Of particular interest for veterinarians is the recommendation to regulate antibiotic use in animals.  The experts further identified key stakeholders and each of their respective potential contributions to support this particular recommendation:

National and municipal organizations:

  • Increase awareness of the antibiotic resistance problem
  • Regulate antibiotic prescriptions
  • Restrict growth promoter use in animals
  • Regulate antibiotic use in animals [Note: this means veterinary prescriptions]
  • Set risk standards for resistance
  • Consider human and non-human uses simultaneously
  • Monitor advertising


Veterinarians:

  • Promote the prudent use of antibiotics in animals
  • Develop local guidelines for antibiotic use


Food animal producers:

  • Improve farm hygiene
  • Reduce use of antibiotics as growth promoters
  • Improve animal husbandry


Researchers

  • Conduct a risk-benefit analysis of growth promoter use
  • Evaluate the environmental impact of antibiotic use
  • Evaluate food processing and distribution methods.


The significance of the emergence and continued spread of AMR is met with skepticism by some stakeholders.  Some argue that there is not sufficient evidence to prove that AMR may some day bring animal and human medicine back to pre-antibiotic days, and that restrictive regulations on antimicrobial usage are therefore unnecessarily harmful to the animal industries. What is indisputable, however, is that excessive antibiotic usage is known to exert selective pressure on bacterial populations, that gene swapping among bacteria does occur, and an that an expanding number of people, animals and animal products transverse the globe much more quickly than ever before.  In addition, development of newer antibiotics has reached a plateau and novel antibiotics are rarely being introduced in the market today.  Together, these factors put us all at risk for increasing global AMR problems in future years.  Evidence of the trend toward increasing rates of AMR is clear from reports in the literature regarding  many previously susceptible pathogens.  Taking action at this critical point in our history is important to avoid wasting the efficacy of antibiotics for frivolous purposes whenever good disease control alternatives exist.  Veterinarians must do their part to preserve antibiotic efficacy for future generations of people and animals alike.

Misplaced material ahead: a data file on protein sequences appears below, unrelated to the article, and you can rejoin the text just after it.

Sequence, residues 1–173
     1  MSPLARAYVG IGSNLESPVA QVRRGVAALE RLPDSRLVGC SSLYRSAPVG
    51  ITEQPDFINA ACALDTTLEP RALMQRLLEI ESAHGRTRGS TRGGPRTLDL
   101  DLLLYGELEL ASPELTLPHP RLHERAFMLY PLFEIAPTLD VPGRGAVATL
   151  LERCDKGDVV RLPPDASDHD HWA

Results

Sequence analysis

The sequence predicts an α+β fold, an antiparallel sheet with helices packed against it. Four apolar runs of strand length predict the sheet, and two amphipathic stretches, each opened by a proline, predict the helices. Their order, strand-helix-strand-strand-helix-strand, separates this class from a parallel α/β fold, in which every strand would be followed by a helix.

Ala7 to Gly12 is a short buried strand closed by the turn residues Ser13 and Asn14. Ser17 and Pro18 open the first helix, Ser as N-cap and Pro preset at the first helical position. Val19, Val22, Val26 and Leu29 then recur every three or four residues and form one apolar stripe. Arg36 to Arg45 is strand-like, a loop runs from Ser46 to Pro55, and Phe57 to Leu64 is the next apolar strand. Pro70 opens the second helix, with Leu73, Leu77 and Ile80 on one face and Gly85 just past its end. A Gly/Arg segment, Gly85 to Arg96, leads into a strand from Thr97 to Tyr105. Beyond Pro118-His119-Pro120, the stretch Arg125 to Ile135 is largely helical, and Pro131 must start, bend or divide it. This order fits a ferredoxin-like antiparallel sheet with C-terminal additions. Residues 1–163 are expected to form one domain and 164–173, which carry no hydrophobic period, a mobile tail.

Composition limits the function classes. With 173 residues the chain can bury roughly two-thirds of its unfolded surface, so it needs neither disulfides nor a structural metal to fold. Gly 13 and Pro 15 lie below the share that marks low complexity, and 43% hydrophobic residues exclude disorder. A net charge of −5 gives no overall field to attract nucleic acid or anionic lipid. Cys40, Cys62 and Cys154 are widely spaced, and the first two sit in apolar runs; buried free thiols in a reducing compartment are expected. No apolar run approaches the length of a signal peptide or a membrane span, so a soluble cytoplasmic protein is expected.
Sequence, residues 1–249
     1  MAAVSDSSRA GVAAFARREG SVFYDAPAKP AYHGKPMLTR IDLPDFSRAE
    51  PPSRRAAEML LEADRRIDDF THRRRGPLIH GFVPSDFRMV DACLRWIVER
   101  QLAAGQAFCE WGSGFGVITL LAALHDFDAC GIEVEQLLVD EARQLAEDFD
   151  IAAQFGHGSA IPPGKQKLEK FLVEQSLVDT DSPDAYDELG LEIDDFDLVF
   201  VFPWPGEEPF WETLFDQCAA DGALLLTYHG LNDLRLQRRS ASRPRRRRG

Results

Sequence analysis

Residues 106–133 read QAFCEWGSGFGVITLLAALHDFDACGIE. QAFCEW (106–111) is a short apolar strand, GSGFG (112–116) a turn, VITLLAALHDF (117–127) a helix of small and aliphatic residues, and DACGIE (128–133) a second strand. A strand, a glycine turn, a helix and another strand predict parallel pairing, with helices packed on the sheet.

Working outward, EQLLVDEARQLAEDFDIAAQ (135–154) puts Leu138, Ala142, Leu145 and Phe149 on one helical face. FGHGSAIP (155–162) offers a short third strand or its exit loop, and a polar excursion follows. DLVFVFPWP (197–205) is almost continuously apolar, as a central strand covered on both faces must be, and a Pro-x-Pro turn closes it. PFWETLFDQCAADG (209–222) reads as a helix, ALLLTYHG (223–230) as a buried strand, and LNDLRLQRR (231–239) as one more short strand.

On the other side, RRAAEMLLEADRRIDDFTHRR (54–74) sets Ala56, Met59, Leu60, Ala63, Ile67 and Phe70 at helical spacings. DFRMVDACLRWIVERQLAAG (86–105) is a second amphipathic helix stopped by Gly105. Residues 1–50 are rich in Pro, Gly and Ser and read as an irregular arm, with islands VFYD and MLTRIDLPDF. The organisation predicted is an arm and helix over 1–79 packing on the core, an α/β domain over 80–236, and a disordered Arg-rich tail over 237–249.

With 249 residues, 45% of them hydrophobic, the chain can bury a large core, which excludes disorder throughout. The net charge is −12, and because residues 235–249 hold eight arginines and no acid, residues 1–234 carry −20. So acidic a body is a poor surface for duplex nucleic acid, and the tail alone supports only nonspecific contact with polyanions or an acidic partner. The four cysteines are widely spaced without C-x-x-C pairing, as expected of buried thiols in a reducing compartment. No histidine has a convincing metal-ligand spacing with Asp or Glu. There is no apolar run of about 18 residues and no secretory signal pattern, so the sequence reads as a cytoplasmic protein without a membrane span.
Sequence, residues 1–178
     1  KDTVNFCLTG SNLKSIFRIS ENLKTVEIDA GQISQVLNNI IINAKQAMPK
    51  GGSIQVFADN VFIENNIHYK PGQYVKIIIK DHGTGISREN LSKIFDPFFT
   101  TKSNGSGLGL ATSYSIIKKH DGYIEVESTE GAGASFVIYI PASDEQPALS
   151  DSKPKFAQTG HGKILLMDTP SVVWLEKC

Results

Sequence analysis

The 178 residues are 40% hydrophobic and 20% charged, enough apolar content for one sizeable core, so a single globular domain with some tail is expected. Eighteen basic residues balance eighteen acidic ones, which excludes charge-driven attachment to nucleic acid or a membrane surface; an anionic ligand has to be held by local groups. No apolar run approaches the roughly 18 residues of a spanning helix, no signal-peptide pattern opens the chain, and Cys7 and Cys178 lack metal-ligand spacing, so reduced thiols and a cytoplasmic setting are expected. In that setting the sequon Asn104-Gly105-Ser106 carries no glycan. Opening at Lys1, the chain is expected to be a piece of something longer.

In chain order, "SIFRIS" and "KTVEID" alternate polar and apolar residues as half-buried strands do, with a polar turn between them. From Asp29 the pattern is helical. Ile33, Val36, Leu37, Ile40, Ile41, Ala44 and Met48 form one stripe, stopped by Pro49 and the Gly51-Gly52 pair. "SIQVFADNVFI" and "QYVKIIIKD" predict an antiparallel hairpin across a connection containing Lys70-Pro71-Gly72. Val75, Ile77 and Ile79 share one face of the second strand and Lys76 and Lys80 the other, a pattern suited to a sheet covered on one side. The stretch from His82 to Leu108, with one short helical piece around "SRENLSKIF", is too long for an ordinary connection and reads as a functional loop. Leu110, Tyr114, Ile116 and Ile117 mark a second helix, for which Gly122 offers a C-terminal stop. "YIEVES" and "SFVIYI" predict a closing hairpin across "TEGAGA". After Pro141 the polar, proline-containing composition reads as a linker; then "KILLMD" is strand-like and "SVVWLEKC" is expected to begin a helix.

Document Actions